A new virus is in town, and it’s giving the CDC a headache. Originating from a Delta Air Lines flight between Lagos, Nigeria, and Dallas, Texas via Atlanta, the infectious disease has made its presence felt since its arrival in the states. The deadly monkey-borne virus was last seen in America in 2003, where a total of 47 cases were recorded. The CDC continues to closely monitor the ongoing situation, with 200 Delta passengers in 27 states watching for symptoms.
Is the US facing a monkeypox epidemic?
In short, no! So far, just the seldom case has been registered. The infected patient, a Dallas resident, travelled from Lagos’ Murtala Muhammed International Airport (LOS) on July 8th, arriving at Atlanta’s Hartsfield–Jackson Atlanta International Airport (ATL) on July 9th. The infected passenger then travelled to Dallas Love Field (DAL) on the same day.
Thankfully, the CDC has confirmed that none of the Delta Air Lines passengers who have presented themselves for monitoring are considered at high risk of developing symptoms. The primary form of transmission presents itself in the form of respiratory droplets, an issue that’s mitigated by the current protocols in place to fight the COVID-19 pandemic.
It’s believed the risk of spread of monkeypox via respiratory droplets to others on the planes and in the airports is low,” – said the CDC in a statement.
Will face masks be used for international air travel post COVID-19?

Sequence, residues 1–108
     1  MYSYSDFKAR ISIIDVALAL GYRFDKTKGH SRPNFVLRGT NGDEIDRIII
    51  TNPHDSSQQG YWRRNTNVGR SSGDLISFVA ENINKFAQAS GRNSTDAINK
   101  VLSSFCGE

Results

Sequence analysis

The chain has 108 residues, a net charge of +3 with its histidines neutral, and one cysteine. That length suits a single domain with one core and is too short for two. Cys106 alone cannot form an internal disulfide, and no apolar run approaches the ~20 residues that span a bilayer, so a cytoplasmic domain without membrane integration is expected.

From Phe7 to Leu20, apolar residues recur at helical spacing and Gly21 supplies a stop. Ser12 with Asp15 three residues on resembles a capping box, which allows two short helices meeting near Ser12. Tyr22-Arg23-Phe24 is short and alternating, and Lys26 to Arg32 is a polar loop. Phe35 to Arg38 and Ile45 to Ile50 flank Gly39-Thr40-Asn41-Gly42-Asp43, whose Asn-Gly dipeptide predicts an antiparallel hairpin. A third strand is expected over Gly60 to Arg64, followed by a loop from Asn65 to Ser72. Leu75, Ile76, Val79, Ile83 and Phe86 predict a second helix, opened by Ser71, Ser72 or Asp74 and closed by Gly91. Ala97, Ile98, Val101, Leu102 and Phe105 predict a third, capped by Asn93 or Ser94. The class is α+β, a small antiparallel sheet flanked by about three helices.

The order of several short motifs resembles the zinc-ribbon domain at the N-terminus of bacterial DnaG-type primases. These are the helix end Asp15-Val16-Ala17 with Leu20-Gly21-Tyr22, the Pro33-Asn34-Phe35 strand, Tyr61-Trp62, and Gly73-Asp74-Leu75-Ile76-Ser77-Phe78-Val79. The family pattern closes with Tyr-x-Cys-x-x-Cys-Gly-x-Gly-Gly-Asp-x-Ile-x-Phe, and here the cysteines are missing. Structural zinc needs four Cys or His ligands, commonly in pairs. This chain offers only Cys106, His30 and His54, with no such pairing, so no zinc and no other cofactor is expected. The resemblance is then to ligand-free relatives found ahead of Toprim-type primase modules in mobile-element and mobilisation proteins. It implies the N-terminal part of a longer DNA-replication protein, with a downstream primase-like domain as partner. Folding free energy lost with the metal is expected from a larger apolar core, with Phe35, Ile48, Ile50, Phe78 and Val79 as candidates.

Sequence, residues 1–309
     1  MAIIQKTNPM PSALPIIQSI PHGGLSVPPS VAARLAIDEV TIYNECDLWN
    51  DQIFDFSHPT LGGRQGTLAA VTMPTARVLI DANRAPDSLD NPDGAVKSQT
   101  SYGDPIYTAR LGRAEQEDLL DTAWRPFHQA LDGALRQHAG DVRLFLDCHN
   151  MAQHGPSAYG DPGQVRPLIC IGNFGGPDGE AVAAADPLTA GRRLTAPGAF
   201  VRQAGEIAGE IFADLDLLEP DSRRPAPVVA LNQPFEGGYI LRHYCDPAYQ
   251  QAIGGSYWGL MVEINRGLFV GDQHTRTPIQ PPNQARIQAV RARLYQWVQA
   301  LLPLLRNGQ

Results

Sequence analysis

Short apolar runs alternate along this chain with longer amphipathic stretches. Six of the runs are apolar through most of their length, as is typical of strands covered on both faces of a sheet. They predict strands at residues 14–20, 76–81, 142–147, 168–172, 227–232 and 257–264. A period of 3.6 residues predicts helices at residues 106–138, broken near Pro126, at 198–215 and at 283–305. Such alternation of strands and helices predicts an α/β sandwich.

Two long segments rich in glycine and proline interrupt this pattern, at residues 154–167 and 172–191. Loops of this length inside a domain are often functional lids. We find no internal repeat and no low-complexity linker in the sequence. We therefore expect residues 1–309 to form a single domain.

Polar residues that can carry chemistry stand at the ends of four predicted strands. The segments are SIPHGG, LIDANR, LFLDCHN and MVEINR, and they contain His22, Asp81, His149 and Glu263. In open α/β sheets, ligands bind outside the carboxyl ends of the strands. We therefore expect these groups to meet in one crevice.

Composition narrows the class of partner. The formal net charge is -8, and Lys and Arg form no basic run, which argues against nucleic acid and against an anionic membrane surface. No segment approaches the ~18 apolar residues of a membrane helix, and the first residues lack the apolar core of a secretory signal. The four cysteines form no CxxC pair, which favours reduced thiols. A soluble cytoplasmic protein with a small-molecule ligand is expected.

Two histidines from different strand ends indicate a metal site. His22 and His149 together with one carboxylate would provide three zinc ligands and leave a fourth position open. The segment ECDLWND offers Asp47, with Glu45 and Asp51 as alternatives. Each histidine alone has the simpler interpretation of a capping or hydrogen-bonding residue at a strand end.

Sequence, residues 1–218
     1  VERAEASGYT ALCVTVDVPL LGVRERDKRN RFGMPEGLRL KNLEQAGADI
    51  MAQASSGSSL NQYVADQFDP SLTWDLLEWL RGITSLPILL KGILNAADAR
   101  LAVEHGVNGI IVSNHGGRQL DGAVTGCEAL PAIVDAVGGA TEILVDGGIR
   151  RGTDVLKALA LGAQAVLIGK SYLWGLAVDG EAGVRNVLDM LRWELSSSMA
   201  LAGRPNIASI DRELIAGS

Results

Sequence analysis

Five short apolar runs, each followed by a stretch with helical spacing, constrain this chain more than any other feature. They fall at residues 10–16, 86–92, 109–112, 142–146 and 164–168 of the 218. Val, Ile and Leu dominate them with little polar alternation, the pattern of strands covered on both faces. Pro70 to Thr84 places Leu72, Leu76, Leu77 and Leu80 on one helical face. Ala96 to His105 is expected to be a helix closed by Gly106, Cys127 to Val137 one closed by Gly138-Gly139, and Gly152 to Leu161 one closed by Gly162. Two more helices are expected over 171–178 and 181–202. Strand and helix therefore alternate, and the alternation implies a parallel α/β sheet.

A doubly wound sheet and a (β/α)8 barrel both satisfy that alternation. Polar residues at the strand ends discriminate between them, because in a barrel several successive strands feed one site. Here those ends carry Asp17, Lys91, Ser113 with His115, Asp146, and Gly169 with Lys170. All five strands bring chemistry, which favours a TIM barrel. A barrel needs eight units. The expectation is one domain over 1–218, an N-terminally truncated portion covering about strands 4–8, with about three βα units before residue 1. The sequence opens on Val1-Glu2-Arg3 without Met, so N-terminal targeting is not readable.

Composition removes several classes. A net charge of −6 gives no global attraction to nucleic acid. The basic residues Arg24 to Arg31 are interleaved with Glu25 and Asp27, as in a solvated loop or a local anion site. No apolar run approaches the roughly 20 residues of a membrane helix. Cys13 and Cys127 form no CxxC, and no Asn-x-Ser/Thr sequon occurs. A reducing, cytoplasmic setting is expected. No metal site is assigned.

If this unfortunate case of monkeypox has taught us anything, it’s that face masks prevent airborne diseases from transmitting from person to person in tight spaces. Despite how it might feel, the coronavirus isn’t the only infectious disease boarding flights in 2021. While influenza viruses are the most commonly transmitted infections on aircraft, a resurgent trend of Tuberculosis (TB) has surfaced in recent years.
Since 2020, the number of these airborne diseases acquired during air travel has plummeted. This is predominately due to the fact no one has been flying, but despite this obvious fact, data suggests the figure has fallen at a greater rate than the decline of air travel. Cautious approaches to international border crossings and increased hygiene awareness have dramatically stunted the spread of existing transmissible diseases. Now that we are learning to live with coronavirus could face masks become a part of everyday international air travel in a bid to reduce the spread of common killers?
The Dallas resident remains in hospital receiving treatment in isolation. No further cases have been announced with a low probability of community transmission. The CDC continue to monitor close and casual contacts.
Would you continue wearing face masks on planes in a post COVID-19 world? Let us know below.